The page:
The Annals of Applied Statistics

Change point analysis of histone modifications reveals epigenetic blocks linking to physical domains

Mengjie Chen, Haifan Lin, and Hongyu Zhao

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Histone modification is a vital epigenetic mechanism for transcriptional control in eukaryotes. High-throughput techniques have enabled whole-genome analysis of histone modifications in recent years. However, most studies assume one combination of histone modification invariantly translates to one transcriptional output regardless of local chromatin environment. In this study we hypothesize that the genome is organized into local domains that manifest a similar enrichment pattern of histone modification, which leads to orchestrated regulation of expression of genes with relevant biological functions. We propose a multivariate Bayesian Change Point (BCP) model to segment the Drosophila melanogaster genome into consecutive blocks on the basis of combinatorial patterns of histone marks. By modeling the sparse distribution of histone marks with a zero-inflated Gaussian mixture, our partitions capture local BLOCKs that manifest a relatively homogeneous enrichment pattern of histone marks. We further characterized BLOCKs by their transcription levels, distribution of genes, degree of co-regulation and GO enrichment. Our results demonstrate that these BLOCKs, although inferred merely from histone modifications, reveal a strong relevance with physical domains, which suggest their important roles in chromatin organization and coordinated gene regulation.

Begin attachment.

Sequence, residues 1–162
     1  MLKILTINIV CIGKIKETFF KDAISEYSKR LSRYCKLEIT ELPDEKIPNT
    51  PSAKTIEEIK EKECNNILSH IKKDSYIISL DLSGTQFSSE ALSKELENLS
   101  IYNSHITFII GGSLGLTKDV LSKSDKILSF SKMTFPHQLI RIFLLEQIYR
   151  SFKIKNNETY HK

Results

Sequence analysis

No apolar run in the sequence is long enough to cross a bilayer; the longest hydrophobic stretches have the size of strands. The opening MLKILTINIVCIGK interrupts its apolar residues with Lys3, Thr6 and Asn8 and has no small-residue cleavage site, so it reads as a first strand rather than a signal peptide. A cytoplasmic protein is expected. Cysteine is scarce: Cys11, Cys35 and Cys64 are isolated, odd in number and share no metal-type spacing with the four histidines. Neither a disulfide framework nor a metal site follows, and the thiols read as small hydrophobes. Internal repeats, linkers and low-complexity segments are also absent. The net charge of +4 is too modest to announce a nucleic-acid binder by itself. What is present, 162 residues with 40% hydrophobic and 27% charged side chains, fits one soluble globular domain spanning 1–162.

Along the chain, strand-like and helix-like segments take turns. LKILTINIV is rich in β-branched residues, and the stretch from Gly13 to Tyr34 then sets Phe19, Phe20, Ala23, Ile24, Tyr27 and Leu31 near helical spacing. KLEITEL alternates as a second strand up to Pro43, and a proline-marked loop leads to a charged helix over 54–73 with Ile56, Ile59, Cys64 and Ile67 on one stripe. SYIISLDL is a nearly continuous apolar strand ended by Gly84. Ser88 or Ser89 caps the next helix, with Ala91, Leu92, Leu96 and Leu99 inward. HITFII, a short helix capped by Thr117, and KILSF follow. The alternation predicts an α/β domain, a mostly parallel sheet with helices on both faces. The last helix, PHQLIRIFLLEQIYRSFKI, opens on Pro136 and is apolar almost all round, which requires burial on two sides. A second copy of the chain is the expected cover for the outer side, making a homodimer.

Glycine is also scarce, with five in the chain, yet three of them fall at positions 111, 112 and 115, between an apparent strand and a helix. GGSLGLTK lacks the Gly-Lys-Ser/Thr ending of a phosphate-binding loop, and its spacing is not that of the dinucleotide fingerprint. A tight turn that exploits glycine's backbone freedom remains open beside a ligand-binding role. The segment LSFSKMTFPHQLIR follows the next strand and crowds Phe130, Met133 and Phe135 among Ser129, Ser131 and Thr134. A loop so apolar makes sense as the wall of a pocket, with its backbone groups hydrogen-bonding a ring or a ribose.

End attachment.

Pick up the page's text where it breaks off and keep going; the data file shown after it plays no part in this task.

Article information

Ann. Appl. Stat., Volume 10, Number 1 (2016), 506-526.

Received: May 2014
Revised: August 2015
First available in Project Euclid: 25 March 2016

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Bayesian change point model Histone modification chromosomal domain


Chen, Mengjie; Lin, Haifan; Zhao, Hongyu. Change point analysis of histone modifications reveals epigenetic blocks linking to physical domains. Ann. Appl. Stat. 10 (2016), no. 1, 506--526. doi:10.1214/16-AOAS905.

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